Is Our Reliance on Fossil Fuels Dangerous?

If you listen to the news today you may believe the disadvantages of fossil fuels are too great to continue their use.

While its true coal, oil and natural gas are known to produce greenhouse gases when they are burned and contribute to global warming, that's not the whole story.

Where would we be without fossil fuels? How would our societies have developed and grown into the civilized centers they are today if there had not been a dependence on fossil fuels?

For the most part, for centuries fossil fuels had only good results for the human population. Mining and drilling for coal and oil are responsible for tens of thousands of good paying jobs.

Pipelines, storage facilities, refineries, transportation networks, roads and highways, power grids - none of these would be possible without fossil fuels.

When you think of the industries that were developed as a result of mining for coal and drilling for oil it almost boggles the mind.

In your home, there are electric lights, electrical laundry appliances, dishwashers, heat and air conditioning, televisions and home theaters and computers. All of these were developed using the power provided by fossil fuels.

When you consider the everyday items we depend on for adding quality to our lives and how many of them would not exist without the energy provided by fossil fuels it is amazing.


While it's true there are problems and dangers associated with burning fossil fuels, it's equally true there are many positive aspects of these energy sources.

We are able live in harsh climates due to the heat provided by fossil fuels. We developed automobiles, trucks, trains, ships and planes al powered by energy from fossil fuels.

When wondering if fossil fuels are good or bad you need to take into account the very positive strides that have been possible due to mining fossil fuels.

Fossil fuels not only provide the power to run our appliances and vehicles - those same fuels provided the power to produce the products in manufacturing plants.

A Crisis for Fossil Fuels

The problem we face today with fossil fuels is the limited reserves of this energy source. The fossil fuels were formed over 300 million years ago by natural processes on the earth.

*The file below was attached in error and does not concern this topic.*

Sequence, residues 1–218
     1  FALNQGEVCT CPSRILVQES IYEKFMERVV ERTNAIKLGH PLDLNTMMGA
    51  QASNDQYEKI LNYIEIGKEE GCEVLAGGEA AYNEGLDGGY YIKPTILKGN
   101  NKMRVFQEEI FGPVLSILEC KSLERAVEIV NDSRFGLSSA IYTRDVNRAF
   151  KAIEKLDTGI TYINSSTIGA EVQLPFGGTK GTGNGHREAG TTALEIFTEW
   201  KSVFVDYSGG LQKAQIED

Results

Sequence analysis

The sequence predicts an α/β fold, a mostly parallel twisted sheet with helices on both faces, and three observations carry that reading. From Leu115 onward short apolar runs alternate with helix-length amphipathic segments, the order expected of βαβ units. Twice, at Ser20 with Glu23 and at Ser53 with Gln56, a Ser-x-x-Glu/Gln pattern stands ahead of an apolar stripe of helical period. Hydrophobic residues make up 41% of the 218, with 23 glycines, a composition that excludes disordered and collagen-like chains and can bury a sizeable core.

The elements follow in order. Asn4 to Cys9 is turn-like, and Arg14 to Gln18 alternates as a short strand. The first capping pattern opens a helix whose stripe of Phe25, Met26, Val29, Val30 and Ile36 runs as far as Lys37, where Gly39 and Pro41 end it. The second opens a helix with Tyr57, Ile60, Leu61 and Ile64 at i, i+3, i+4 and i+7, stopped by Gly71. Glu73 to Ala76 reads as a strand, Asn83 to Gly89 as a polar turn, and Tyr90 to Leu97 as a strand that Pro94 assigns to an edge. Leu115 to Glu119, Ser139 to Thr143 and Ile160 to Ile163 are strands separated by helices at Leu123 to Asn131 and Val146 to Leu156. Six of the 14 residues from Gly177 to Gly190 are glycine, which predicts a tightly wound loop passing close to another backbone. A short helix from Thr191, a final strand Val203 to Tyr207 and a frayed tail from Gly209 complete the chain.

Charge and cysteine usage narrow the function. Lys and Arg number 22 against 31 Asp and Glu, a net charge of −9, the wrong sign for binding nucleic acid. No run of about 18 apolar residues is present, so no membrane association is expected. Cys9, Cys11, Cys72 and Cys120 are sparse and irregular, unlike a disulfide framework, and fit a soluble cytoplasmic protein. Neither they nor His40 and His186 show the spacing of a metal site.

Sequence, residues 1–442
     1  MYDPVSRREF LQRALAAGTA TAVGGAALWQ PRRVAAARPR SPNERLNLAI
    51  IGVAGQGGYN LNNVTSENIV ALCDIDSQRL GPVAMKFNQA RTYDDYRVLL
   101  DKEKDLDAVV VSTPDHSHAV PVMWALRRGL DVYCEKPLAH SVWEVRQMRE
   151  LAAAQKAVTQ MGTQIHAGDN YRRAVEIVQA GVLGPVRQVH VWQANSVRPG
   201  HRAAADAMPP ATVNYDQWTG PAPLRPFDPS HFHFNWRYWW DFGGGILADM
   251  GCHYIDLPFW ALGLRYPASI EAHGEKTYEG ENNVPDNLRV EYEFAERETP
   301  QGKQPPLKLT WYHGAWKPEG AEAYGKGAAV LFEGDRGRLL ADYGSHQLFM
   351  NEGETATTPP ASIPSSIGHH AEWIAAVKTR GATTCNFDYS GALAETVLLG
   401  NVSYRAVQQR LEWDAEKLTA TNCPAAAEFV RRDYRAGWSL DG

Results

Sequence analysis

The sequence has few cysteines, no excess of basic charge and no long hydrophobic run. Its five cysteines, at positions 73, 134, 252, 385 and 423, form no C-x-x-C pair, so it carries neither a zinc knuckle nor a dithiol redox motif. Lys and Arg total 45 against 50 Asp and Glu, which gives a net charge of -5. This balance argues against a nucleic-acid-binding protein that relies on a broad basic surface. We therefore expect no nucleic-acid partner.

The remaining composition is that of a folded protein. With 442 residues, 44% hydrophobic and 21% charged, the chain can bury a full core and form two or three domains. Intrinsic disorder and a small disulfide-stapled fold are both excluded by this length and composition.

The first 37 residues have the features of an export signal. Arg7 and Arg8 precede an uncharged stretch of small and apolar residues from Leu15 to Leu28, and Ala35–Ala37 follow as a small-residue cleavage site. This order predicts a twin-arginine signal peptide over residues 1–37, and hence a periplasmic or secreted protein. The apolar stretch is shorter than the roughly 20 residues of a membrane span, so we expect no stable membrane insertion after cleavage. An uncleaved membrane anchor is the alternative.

When we began using these natural resources the supply seemed almost unlimited. We knew there were specific amounts of each fossil fuel available but couldn't imagine demand would exceed supply for many generations to come.

Whether fossil fuels are good or bad, they are limited in quantity. In the past 100 years the use of fossil fuels has doubled every 20 years. This is not sustainable.

It is due to developing nations with a new reliance on electricity and to increases in population around the world. In the U.S., increased demand may indicate changes in lifestyle.

Our Grandmothers used a manual can opener and we use electric gadgets to open cans. Few homes were air conditioned two generations ago but today central air conditioning is common even in regions with short, mild summer seasons.

Greatest Change

Perhaps the greatest change, however, is in our driving habits. One hundred years ago there were no superhighways through the countryside or massive traffic jams in major cities.

Just fifty years ago a Sunday drive was a standard family outing for many people. Today a drive is not considered a treat as we drive our cars almost everywhere we go. Our cities are spread out and many who work in town and cities live in suburban settings.

These bedroom communities provide safe and comfortable family living but are possible only due to the multiple cars residing in the garage or driveway.

For many years our cars and trucks were heavier and bigger and more powerful every year. By the 1960's, the standard family sedan was a huge vehicle that required a lot of gasoline. It was not a problem as gas was cheap and always available.

Oil Crisis

Perhaps it was the oil crisis of the 1970s that first led us to wonder if fossil fuels are good or bad. Without warning, gasoline was in short supply.

Cars waited in long lines to buy fuel at service stations. Some gas stations limited the amount of gas customers could buy in an attempt to supply as many customers as possible. Prices began to rise and tempers flared.

During World War II there was rationing of gasoline but most people didn't mind as they felt they were participating in an effort to help the military and protect the nation. That view was not part of the 1970s crisis.

For the first time, we realized how deep our dependence on forum oil had become. It was that gas crisis that began the national conversation about finding alternatives energy resources for fossil fuels.

However, when the crisis passed and gas was once again available prices fell once more. With short memories, people continued to expand their dependence on fossil fuels.

It was not until scientific evidence began to point to fossil fuels as a thread to the atmosphere of the earth that we once more began to wonder if fossil fuels were good or bad.